Legends surrounding fairies have been passed down by written, and verbal means, for thousands of years. The term is now used to describe supernatural beings that perform specific tasks. In each society, other names have been used for fairies, such as the moira in Ancient Greece and the fata in Ancient Rome. These beings were both responsible for deciding an individual’s fate.
Tales surrounding fairies vary greatly and range from miniature helpful beings, such as brownies that enter homes during the night and tidy up, to evil-doing creatures that cause great misfortune. The fairies’ appearances are as diverse as their personalities, and many are thought to be child-like, winged creatures and others imposing, gigantic beings in the shape of natural elements. Many cultures believed that the creatures originated from the elements and are, therefore, essential to their balance.
In Gaelic folklore, fairies were believed to be descendants of the gods and, therefore, incredibly powerful. Villagers referred to them as the ‘fair folk,’ but they were also known as the Aos Si, meaning the ‘People of the Mounds.’ They lived in Irish mounds known as sidhe, where they had retreated after being attacked on numerous occasions. Legend has it that when they went to live underground, the Aos Si entered a parallel dimension where they became immortal. They go back and forth between worlds, granting wishes to the villagers on this side.
Irish folklore has also produced one of the most well-known fairies in our modern culture, the leprechaun. Even though the image that most of us have of this solitary male fairy is one of a rotund, mischievous being always playing jokes upon mortals, this differs from their original appearance. In early stories, they dressed in homely clothes and had old faces. They were also known as ‘one-shoemaker’ fairies, as they only ever made single shoes. Leprechauns love treasure, often hiding it in a pot at the end of a rainbow. They protect their treasure by using their magic to disguise worthless items, such as leaves, as gold. The objects reveal their true nature after a few hours, greatly disappointing anybody that has acquired a coin.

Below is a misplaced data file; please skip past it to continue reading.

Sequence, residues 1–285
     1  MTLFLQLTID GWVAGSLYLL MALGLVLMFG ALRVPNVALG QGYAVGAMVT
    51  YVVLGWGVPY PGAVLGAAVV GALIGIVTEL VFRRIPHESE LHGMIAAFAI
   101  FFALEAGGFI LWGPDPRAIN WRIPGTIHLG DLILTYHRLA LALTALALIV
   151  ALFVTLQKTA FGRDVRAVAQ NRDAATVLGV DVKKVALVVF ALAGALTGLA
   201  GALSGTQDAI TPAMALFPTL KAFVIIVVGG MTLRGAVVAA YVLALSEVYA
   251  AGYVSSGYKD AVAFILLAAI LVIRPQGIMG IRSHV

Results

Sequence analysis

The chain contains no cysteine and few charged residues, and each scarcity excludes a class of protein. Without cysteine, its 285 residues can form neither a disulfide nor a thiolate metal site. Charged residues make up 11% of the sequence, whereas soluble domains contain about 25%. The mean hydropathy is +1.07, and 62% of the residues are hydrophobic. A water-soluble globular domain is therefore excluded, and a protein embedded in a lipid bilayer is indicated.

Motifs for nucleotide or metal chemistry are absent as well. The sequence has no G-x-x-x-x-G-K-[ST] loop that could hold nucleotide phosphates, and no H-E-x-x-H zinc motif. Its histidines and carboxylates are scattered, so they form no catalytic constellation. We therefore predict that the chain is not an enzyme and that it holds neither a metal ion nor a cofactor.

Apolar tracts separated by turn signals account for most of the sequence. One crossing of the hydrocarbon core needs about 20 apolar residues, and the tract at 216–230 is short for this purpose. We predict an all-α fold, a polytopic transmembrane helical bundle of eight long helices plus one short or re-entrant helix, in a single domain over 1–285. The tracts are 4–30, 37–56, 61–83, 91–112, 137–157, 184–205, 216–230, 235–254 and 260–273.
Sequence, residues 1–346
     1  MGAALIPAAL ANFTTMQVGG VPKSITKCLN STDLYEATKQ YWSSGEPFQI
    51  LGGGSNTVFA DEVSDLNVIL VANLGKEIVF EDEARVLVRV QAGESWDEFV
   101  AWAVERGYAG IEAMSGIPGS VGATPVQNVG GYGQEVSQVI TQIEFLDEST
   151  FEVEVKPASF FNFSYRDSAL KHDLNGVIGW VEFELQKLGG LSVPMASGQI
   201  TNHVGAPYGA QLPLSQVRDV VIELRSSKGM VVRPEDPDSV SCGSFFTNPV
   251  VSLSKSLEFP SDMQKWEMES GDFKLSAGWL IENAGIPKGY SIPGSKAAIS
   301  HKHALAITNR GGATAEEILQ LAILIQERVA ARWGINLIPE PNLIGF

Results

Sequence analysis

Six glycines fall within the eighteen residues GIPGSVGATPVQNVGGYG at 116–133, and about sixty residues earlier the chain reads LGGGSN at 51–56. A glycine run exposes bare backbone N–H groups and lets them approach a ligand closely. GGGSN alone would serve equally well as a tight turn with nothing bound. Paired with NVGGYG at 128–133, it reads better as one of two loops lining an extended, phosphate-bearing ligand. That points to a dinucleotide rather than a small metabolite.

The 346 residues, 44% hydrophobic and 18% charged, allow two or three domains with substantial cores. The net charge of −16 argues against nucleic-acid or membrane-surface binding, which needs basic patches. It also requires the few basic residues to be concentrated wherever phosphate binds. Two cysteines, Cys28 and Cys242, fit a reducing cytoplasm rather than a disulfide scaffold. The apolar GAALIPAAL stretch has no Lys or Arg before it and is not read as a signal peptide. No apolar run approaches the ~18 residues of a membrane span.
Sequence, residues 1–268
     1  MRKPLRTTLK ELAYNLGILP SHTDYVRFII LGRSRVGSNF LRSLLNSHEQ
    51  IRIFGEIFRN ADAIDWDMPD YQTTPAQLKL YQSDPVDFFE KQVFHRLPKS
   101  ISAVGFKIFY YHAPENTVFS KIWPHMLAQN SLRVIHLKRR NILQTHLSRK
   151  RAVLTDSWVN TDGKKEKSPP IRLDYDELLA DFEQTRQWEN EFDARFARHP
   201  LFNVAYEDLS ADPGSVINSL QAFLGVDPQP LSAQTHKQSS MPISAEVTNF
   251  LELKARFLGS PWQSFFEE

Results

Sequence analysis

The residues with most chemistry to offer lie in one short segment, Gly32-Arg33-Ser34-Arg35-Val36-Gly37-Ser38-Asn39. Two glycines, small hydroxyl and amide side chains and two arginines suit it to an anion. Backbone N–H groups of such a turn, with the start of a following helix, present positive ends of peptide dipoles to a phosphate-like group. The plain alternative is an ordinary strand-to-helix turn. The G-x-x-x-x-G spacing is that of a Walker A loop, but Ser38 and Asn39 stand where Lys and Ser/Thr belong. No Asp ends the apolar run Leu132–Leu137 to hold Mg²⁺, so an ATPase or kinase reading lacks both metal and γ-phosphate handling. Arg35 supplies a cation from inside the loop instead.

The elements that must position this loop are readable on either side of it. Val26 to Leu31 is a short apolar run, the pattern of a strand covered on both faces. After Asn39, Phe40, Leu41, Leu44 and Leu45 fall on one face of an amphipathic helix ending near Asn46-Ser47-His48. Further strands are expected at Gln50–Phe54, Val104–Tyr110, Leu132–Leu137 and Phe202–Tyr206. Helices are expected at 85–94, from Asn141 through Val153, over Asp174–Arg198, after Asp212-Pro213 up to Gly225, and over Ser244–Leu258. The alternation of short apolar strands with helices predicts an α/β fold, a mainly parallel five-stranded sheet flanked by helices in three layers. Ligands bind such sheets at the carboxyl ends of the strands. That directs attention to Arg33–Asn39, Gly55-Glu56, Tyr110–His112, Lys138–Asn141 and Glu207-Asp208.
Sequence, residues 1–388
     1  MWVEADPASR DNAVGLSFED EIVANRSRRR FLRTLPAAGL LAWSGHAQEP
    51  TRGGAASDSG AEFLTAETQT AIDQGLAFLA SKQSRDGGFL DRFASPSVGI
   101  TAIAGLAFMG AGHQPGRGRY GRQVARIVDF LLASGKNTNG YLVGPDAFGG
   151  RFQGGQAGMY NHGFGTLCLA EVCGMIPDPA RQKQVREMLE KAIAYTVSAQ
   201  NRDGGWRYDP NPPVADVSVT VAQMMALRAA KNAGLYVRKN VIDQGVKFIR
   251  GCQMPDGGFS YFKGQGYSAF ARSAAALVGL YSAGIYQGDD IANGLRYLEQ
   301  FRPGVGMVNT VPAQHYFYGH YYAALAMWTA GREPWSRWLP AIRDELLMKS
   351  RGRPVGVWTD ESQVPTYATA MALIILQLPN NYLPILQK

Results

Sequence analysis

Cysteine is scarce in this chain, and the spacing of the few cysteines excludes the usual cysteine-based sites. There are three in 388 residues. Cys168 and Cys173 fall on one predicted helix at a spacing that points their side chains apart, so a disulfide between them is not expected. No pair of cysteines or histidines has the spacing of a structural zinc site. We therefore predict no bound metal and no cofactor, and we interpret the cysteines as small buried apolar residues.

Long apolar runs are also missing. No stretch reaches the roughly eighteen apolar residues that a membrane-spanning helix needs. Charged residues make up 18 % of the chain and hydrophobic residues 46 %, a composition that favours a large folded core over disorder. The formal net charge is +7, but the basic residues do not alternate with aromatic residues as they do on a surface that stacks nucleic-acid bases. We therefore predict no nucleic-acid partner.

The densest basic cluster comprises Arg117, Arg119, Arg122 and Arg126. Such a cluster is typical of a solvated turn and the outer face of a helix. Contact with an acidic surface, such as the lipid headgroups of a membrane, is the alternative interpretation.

Scottish legend tells of two types of fairies, both of which are powerful, that inhabited the country in previous centuries. The Seelies were practical jokers, while the Unseelies were malevolent beings. Witches were often disguising themselves as good fairies, and the Scottish used their animal appearances to determine their identity. Female fairies would take the shape of a deer, while witches were able to turn into other animals such as cats and badgers.
In Norse mythology, fairies were referred to as elves and would be prayed to for home protection and healing. They fell into two categories, light elves and dark (or black) elves. It was believed that the gods created separate worlds for them to live in, giving them supernatural powers and making them immortal. The light elves lived in one of the Nine Worlds, Alfheim. Here the Vanir god, Freyr, resided and ruled over them. They also believed in other elves such as mountain elves, field elves and wood spirits.